The current political culture in Australia decrees that if you hand a minister $10,000 in a paper bag marked ''for you'' in return for a talk about your business plans, it is a bribe. But if you hand the $10,000 to a party official to sit next to the minister at dinner and discuss your business plans, that is OK.
It is a sham. Democracy is being eroded by money. The ideal of one person, one vote, one value is eroding under the monetarist epithet that influence is there to be bought. Your power is directly proportional to your purse, and if you are out of the power circle your powerlessness is proportional to your poverty.
All democracies in this age of materialism face the same degradation of the pivotal democratic ideal of equality.
And the flow of money shows the worth of buying favour.
More than $10 billion goes to corporate subsidies from state and federal governments each year - equal to half the national defence budget and many times the money spent on Australia's environmental security.
Even so, this level of largesse is set to be ramped up. The Federal Government's emissions trading scheme offers polluting industries $16 billion in its four years on the basis that the more a company pollutes the more it will be compensated. Many of Australia's biggest companies have large overseas shareholdings, so billions will flow overseas.
While curbing corruption, like outsmarting tax cheats, is an endless project, there are two simple and tried innovations the Australian Parliament should consider.
The first is the Canadian law that provides public funding for political parties proportional to the public vote, with no corporate or union donations allowed. Individual donations are limited to $C1000 ($ 1100) each year.
The second innovation - and the more important one - would be a national anti-corruption and integrity commission with the powers of a royal commission to hold public and private hearings and to summons people and documents. It would work like the Independent Commission Against Corruption established in NSW in 1989. Since then Queensland and Western Australian have set up similar commissions and Tasmania will soon have an Integrity Commission.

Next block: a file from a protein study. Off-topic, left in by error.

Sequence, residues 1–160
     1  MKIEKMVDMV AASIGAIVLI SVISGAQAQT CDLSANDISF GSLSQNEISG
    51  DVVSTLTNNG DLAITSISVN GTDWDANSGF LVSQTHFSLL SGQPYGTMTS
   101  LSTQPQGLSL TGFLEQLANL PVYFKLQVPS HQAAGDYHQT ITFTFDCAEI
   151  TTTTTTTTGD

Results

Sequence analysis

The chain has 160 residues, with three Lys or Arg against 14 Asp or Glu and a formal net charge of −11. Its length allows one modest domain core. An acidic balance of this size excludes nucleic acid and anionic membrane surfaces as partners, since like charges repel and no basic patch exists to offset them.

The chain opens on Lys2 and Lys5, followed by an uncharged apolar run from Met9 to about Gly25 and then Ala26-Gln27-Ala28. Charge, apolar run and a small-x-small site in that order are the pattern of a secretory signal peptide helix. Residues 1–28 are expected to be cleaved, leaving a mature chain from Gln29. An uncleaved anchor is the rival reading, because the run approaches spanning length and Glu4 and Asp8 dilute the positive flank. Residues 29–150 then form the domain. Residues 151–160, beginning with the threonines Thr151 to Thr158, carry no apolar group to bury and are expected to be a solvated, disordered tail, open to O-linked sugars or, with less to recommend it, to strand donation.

But no national anti-corruption agency exists with the powers or the jurisdiction to investigate claims of misconduct and corruption across the Federal Parliament or Commonwealth agencies. The national anti-corruption and integrity commission, as proposed by the Greens, would be able to investigate misconduct or corruption in parliamentary, public service or police activities. It would also give advice to protect the integrity of the Federal Parliament, parliamentarians and all Commonwealth departments.
The Commonwealth Law Enforcement Integrity Commissioner was established in 2006, but its role is restricted to investigating and preventing corruption in the Australian Federal Police and the Australian Crime Commission.
A joint parliamentary committee inquiry is now being held into the Australian Commission for Law Enforcement Integrity. The terms of reference include expanding its role to other Commonwealth agencies. But the inquiry has just started and no date is specified the tabling of its report. Importantly, there is no suggestion in the terms of reference to include parliamentarians.
There are many instances where the rules governing the conduct of federal parliamentarians are not clear or specific, and the relevant department often advises that it is ''up to the discretion of the politician''.
The national anti-corruption and integrity commission should be free to nail corrupt behaviour, but it should not leave good MPs, public servants or police officers anxious wrecks because inexperience or non-corrupt lapses in prudent behaviour lead to mistakes.
The commissioner would act as an independent arbiter to provide a clear ruling on such instances where the guidelines are unclear, or where claims of misconduct are made against a parliamentarian who has sought to follow the guidelines. The existence of such a body would potentially avoid systemic misconduct as revealed recently in the British Parliament. In Australia the new commission would help defend politicians and the Parliament from unwarranted attack.
Conversely, good people and talent need reassuring and nurturing. So the commission should also be an advice agency for those having ethical dilemmas in their workplace.
Is such a commission feasible? Of course. It simply needs the goodwill of the government and parliament of the day. I have no doubt that if the Federal Government were to legislate in the next 12 months for either an end to political donations, as in Canada, or a commission as the Greens are proposing, it would pass both houses of Parliament.
The time honoured way to kill such innovations is to put them off for more inquiries or until after the next election. It is up to the Prime Minister.
The Government allocated more than $40 billion to a stimulus package for a passing economic downturn. It should use the same nous to legislate for the long-term health of Australia's parliamentary democracy for much less.